UC Davis students show support for more housing. Yes on J campaign photo

By Matt Levin | CALmatters

Voters around the state decided Tuesday whether to fund and build new housing in their backyards. Here are some of the more notable results.

Emeryville: $50 million for affordable housing

Voters in Emeryville, home of Pixar Studios and one of the East Bay’s priciest neighborhoods, voted to approve a $50 million bond to fund housing projects for low-income residents and people experiencing homelessness. That’s a lot of money for a city of only 12,000 people.

Lafayette: 44 controversial homes rejected

The Deer Hill housing project in the East Bay suburb of Lafayette has been mired in controversy for years. An initial proposal to build a multifamily apartment complex with more than 300 units got tangled in local resistance and fair-housing litigation. City officials thought a smaller project on the same land for 44 single-family homes would be more palatable to locals. They were wrong. Proponents of the original apartments plan believe the measure’s defeat might, ironically, open the door for denser development.

San Francisco: Yes on free tenant lawyers, no on tax for new housing

San Franciscans voted for a measure that will provide free legal representation to any city resident facing eviction. But a tax on commercial landlords that would have funded affordable housing failed to garner enough support. Perhaps more importantly, the race for mayor—a race primarily shaped by the candidates’ views on new housing development—was still too close to call as of June 7.

San Mateo: $33 million for teacher housing likely falls short

In the pricey Bay Area, teachers and school staff are struggling to live in the same communities where they work. The cost of housing has led many districts to fight to find teachers, or to set up teacher housing of their own. As of June 7, a $33 million bond for teacher housing in the Jefferson Union School District looks like it will barely miss the 55% threshold needed to pass.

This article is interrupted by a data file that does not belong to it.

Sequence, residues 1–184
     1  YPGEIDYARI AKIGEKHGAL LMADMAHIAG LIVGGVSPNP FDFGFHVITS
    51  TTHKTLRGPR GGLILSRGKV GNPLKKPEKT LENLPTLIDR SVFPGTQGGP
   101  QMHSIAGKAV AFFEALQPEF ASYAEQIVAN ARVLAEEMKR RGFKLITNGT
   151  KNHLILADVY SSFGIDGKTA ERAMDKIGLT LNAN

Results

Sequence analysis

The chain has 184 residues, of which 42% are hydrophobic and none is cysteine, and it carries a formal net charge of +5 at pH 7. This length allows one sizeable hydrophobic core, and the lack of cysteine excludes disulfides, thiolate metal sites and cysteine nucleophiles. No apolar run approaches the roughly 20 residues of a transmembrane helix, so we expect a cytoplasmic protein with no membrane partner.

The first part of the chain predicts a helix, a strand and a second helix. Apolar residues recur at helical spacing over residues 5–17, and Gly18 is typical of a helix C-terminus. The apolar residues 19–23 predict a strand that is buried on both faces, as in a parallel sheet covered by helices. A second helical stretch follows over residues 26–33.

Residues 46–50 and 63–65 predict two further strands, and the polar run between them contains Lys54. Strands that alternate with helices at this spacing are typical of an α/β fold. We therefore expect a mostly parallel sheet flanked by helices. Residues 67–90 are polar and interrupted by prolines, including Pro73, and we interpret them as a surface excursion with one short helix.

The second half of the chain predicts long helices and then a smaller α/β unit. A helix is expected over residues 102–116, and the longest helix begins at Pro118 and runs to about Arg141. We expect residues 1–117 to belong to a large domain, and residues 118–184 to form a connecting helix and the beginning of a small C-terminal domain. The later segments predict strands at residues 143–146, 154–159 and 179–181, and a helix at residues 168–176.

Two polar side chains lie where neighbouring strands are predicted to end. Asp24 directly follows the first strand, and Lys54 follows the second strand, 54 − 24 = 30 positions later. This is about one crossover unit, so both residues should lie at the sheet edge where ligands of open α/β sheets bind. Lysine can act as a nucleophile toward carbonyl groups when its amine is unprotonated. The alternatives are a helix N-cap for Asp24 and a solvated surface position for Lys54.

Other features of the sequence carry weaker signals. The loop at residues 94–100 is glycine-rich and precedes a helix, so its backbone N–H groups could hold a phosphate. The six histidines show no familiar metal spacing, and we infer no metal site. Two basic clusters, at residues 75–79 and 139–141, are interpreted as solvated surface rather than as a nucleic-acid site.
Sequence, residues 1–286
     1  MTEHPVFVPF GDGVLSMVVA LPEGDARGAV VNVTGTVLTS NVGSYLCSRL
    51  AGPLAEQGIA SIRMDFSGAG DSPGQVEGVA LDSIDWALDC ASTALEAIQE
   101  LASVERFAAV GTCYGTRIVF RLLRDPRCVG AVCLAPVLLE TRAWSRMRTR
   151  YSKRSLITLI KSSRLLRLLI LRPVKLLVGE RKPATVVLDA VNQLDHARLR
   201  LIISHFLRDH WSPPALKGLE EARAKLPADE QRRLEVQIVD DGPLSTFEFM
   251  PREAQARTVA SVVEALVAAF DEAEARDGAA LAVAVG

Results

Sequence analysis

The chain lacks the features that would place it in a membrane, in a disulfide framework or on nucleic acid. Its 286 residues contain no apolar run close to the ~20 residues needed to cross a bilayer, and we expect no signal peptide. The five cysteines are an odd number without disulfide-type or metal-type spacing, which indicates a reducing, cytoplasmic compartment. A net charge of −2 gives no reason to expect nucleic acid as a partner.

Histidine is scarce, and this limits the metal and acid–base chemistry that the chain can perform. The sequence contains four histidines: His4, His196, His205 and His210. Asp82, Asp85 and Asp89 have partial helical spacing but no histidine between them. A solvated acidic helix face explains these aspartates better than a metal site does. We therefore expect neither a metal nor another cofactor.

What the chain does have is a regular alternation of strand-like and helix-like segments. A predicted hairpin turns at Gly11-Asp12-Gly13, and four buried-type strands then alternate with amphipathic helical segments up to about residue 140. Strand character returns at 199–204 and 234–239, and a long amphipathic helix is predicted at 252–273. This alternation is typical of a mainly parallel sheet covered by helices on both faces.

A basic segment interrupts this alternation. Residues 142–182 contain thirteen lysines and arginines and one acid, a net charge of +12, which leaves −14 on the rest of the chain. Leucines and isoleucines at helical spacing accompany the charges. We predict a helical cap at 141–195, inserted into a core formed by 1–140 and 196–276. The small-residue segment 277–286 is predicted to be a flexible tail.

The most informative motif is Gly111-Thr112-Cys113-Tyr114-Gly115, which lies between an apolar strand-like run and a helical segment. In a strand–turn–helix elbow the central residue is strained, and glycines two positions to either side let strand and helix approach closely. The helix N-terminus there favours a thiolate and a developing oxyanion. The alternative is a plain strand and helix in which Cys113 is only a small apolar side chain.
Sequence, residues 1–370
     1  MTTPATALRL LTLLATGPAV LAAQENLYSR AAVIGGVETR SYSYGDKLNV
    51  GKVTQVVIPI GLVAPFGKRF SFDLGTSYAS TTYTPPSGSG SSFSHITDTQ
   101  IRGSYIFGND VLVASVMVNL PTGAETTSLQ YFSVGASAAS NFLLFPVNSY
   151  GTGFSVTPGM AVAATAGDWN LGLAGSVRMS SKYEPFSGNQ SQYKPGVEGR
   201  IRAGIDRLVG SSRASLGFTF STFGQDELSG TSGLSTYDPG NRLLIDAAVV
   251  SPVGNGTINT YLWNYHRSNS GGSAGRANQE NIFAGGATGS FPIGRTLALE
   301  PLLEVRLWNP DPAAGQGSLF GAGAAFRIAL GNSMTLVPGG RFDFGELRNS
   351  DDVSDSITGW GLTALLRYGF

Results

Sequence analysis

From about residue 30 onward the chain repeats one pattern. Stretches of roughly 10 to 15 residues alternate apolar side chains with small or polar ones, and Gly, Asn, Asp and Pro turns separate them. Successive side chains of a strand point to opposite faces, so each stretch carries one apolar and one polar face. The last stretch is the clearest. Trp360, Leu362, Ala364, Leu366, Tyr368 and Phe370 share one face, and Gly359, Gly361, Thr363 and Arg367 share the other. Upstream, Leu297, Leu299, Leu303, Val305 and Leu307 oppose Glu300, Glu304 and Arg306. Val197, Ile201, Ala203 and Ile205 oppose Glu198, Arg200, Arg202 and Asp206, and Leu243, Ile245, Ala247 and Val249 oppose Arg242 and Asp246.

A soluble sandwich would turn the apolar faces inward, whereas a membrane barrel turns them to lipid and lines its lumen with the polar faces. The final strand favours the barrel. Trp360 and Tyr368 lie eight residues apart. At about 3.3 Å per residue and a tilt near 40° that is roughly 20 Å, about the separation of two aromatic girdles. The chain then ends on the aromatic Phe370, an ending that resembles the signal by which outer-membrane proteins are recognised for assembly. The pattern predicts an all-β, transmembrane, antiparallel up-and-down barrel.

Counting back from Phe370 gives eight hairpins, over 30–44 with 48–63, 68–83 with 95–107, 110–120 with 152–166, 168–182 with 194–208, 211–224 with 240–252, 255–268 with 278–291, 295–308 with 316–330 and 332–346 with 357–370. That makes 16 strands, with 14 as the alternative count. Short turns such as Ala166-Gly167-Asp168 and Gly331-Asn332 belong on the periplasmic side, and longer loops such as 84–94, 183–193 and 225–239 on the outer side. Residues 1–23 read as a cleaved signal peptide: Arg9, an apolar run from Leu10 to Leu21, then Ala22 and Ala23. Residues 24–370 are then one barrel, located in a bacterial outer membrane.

San Jose: Senior housing rejected

A plan to convert industrial land to senior housing lost by a convincing majority in San Jose. Mayor Sam Liccardo, who won re-election Tuesday, had opposed the measure on the grounds that it would lead to more urban sprawl.

Davis: New student housing passes

Davis voters approved a plan to rezone a 47-acre property near railroad tracks for a 700-unit rental housing project that will cater to UC Davis students. The project had been rejected by a narrow margin in 2016.

Cypress: A horse track will eventually have housing

The owner of the Los Alamitos race track expects to close up shop in the next decade or so, and wants his property to be zoned for mixed-use development after its horse-racing days are over. Voters rejected a similar measure in 2016, but this time it looks like voters have approved a modified version of the plan.

Palm Springs: Airbnb survives

Voters in the famous resort town decided to keep Airbnb rentals in their residential neighborhoods. An initiative that would have barred short-term rentals of less than 28 days was overwhelmingly rejected.  Airbnb spent significant money against the measure.

CALmatters.org is a nonprofit, nonpartisan media venture explaining California policies and politics.

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